Convinced her partner was cheating, after being told she had suspected genital warts, a mum-of-two was then diagnosed with a rare skin condition, which developed into vulval cancer.

Horse groomer Helen Fox, now 43, has since had extensive surgery, slicing away large areas of her vulva, in a bid to contain the ultra-rare cancer and save her life.

Helen, of Hertford, Hertfordshire, who was in her early 30s when she first became ill, said: “I went through hell. I really thought I had genital herpes and blamed my then-partner for giving them to me.”

Helen Fox and her daughter Kristina (Collect/PA Real Life)Helen Fox and her daughter Kristina (Collect/PA Real Life)

Living in Stoke-on-Trent, Staffordshire, when she first noticed an ulcer-like mark on her vulva, in 2006, Helen visited a sexually transmitted infection clinic, where she was diagnosed with suspected genital warts.

Caused by the human papilloma virus (HPV), they are usually sexually transmitted, leading her to suspect her boyfriend-of-the-time – who she subsequently broke-up with for other reasons – of straying.

But, when her ‘warts’ did not clear as expected after being frozen off, she had the area biopsied to check it more closely, under local anaesthetic, at Royal Stoke Hospital in August 2006.

Helen Fox (Collect?PA Real Life)Helen Fox (Collect/PA Real Life)

The results showed that, rather than genital warts, she had a condition called vulval intraepithelial neoplasia or VIN.

“This is a skin disease,” she explained. “Abnormal cells develop in the surface layers of the skin covering the vulva. The cells can be pre-cancerous, although not all women with it will develop cancer. I had the skin affected by VIN sliced out under local anaesthetic. It was so painful, I decided I was never having it done without general anaesthetic again.”

Given six monthly hospital check-ups, she also needed surgery every year, to remove further VIN affected parts of her vulva.

Helen Fox and her dogs (Collect/PA Real Life)Helen Fox and her dogs (Collect/PA Real Life)

“Each time, more of my vulva was cut away,” said Helen. “It was a constant battle to stop the VIN spreading, developing and progressing into vulval cancer.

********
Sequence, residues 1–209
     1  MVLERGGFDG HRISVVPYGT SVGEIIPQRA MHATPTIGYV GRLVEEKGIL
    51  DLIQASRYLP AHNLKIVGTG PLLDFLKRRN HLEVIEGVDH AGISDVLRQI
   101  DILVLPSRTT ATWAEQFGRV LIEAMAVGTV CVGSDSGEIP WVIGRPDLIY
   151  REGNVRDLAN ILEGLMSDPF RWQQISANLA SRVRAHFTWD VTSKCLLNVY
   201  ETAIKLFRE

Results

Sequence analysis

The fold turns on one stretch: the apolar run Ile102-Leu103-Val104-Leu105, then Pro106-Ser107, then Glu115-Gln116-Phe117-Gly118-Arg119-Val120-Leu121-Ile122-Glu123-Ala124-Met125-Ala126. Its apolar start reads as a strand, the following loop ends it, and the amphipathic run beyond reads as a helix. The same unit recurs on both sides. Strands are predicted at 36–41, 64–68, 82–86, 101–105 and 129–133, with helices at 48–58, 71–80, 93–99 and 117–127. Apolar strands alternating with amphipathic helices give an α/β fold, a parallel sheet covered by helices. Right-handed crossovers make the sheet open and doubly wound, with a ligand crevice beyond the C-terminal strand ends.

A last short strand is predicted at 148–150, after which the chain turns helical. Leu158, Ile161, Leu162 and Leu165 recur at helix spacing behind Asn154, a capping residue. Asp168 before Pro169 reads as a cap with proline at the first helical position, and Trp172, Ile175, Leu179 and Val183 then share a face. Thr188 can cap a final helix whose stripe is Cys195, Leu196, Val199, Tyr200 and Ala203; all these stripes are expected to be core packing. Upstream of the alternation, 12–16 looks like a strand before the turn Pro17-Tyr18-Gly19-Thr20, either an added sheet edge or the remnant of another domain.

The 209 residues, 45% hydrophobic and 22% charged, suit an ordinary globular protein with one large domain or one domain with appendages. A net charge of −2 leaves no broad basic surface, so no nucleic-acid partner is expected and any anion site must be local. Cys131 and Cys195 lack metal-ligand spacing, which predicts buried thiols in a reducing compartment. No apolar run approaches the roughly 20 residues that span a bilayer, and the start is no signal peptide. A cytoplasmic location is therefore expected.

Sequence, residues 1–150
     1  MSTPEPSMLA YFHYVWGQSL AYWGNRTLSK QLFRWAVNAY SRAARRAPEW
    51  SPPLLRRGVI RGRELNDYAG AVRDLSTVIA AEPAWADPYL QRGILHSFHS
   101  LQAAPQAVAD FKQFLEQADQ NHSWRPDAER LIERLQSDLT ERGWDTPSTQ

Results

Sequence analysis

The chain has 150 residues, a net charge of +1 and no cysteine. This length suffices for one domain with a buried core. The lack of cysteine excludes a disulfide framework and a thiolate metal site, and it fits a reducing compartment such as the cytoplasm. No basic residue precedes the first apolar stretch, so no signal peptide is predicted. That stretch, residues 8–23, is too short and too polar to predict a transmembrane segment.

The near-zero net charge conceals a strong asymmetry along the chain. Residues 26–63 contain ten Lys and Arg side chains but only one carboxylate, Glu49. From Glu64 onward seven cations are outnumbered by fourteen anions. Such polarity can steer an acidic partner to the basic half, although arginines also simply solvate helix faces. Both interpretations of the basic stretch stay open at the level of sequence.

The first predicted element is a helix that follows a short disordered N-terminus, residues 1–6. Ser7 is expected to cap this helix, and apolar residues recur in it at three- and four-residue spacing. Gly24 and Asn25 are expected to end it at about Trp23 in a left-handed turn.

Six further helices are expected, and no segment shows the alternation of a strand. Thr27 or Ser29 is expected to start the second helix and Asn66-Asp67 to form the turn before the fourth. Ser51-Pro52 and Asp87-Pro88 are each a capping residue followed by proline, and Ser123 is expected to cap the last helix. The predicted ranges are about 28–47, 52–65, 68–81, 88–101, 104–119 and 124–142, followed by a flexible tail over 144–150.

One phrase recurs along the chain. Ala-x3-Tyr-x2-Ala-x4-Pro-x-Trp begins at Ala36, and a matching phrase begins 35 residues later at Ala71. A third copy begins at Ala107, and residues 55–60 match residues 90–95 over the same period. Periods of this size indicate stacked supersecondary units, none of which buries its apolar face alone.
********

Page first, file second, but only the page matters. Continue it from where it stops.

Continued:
“Your vulva is such an important part of womanhood, and it being sliced away is so hard, it could have had a devastating impact on my mental health. Luckily, my job, looking after horses, kept me sane.

“But I’m not embarrassed. Why should I be? On the contrary, I’m proud of how well I’ve coped. It’s bad luck this happened to me and I now have to deal with it.”

Helen Fox (Collect?PA Real Life)Helen Fox (Collect/PA Real Life)

Helen, who says her illness was tough on her children, restaurant supervisor Kristina, 22, and her son, who she does not want to name, received further devastating news in April 2012, when she was diagnosed with vulval cancer.

The second least common women’s gynaecological cancer, after vaginal cancer, it accounts for fewer than one per cent of all cancers diagnosed in women in the UK every year, according to Cancer Research UK

“I’d half-anticipated it, but I was still horrified,” said Helen. “Years earlier, one very unsympathetic medic had actually said to me, ‘At least you know what you’ll die of.’ So, I knew, at some point, it was very possible that cancer might develop.”

Helen Fox and her daughter Kristina (Collect/PA Real Life)Helen Fox and her daughter Kristina (Collect/PA Real Life)

Helen, who has only been treated with surgery and has never had chemotherapy or radiotherapy, then had the cancerous skin cut out in April 2013.

Since then, regular check-ups have shown that the cancer has not reappeared, but, sadly, the VIN has.

“I’ve had even more surgery. I must have had 13 procedures now,” said Helen. “My perineum (between the anus and the vulva) is much smaller than the average woman and half of my labia majora (outer lips) have been cut away. And I have only half a clitoral hood.”

Helen Fox (Collect/PA Real Life)Helen Fox (Collect/PA Real Life)

Still able to urinate and have sex, Helen said surgery was most agonising during her menstrual cycle. It can be very painful during this time, because of all the scar tissue,” she continued.

“But I am brave – and I will keep fighting through. I’m speaking out for other woman.

“If I can encourage even one woman to check themselves, it has to be worth it.”